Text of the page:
On Thursday of this week, a small company by the name of Aurora Flight Sciences Corporation beat out big name aviation establishment companies like Sikorsky and Boeing to be awarded a DARPA contract to build a prototype, remotely operated, vertical take off and landing (VTOL) aircraft.



V-22 Osprey

Aircraft that can take off and land vertically are ultimately more flexible than their traditional counterparts. They don’t need runways to operate so can be deployed to regions where no significant infrastructure exists to support them. Like attack helicopters, they can loiter below surrounding terrain, pop up to fire a weapon, then drop back down again. Outside the military realm, the cargo, medical, exploration and logistical uses are obvious.

Why Not VTOL?


Traditionally, VTOL aircraft like the V-22 Osprey and AV-8 Harrier have had a number of issues plague their usage. They tend to be shorter range, more limited in performance, and, in the case of the V-22, fraught with reliability and safety issues. DARPA has been trying to address those problems and come up with a new generation of VTOL aircraft. The Aurora Flight Sciences Lightning Strike is a major step down that path.

What are Some of the Innovations of Lightning Strike?

The biggest difference between Lightning Strike and its predecessors in the VTOL world is that while earlier aircraft had only one or two engines, this new aircraft will have 24 – and they are embedded within a tilting wing. If a V-22 loses one of its two engines while in vertical flight, the aircraft is going down. Losing one out of 24 will hardly be noticed. Additionally, each engine is much more compact with significantly smaller blades, allowing the aircraft to operate in more cramped areas, as well as closer to trees and brush. The smaller footprint ducted-fan engines also allow the aircraft to fly faster – and they are electric, powered by a central fuel-powered engine, and can push the Lightning Strike to 400 knots. This hybrid configuration is much more efficient, addressing a traditional shortcoming of VTOL aircraft: range. They are also capable of being controlled individually to allow for even greater efficiency, safety and much improved agility. Lastly, it is significantly easier to remove and replace a single electric motor in the event of damage or failure. Repairing damage to something like a turbo-prop, tilt-rotor engine is a much more involved process.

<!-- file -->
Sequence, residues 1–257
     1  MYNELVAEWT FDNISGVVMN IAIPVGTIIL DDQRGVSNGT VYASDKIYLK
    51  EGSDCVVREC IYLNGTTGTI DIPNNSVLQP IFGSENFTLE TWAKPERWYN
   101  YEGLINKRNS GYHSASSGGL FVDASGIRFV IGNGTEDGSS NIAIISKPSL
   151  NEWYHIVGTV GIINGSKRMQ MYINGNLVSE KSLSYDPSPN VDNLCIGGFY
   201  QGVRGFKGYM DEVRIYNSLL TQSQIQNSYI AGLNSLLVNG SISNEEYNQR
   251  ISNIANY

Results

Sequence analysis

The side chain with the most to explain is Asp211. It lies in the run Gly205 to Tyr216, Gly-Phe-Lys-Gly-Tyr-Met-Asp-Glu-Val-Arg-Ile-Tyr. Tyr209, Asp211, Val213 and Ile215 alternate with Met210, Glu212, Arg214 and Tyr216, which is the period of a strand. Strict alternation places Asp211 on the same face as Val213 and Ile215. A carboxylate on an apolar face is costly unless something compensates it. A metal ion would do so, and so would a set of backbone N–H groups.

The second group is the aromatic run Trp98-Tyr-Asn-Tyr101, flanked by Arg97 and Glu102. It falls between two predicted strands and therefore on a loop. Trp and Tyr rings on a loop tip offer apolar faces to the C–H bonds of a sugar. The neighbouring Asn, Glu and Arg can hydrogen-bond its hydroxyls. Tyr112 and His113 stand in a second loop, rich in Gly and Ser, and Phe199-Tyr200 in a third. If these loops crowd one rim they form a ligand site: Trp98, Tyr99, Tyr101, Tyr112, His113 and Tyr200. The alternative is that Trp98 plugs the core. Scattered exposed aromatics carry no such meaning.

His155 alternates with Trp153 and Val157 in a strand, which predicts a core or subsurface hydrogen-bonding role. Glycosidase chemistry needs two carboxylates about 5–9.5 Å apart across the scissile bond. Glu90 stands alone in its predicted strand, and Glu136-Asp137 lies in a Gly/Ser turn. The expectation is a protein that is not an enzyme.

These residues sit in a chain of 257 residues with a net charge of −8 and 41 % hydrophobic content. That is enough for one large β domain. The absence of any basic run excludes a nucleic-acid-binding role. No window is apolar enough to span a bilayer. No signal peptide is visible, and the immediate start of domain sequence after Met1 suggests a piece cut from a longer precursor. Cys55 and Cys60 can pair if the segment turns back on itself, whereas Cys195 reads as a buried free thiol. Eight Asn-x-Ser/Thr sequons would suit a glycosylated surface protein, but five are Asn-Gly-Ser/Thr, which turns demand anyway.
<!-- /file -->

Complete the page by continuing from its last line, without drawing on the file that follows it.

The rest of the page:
Next Steps

Aurora Flight Sciences hopes to have a prototype flying by 2018. Like many advances made for the military, many of the innovations on Lightning Strike will likely find their way into commercial aviation. With all the advances being made via this project and others, aviation looks to be in for an exciting few years.


Image credit: Aurora Flight Sciences, Boeing


Posted by Darren Beyer

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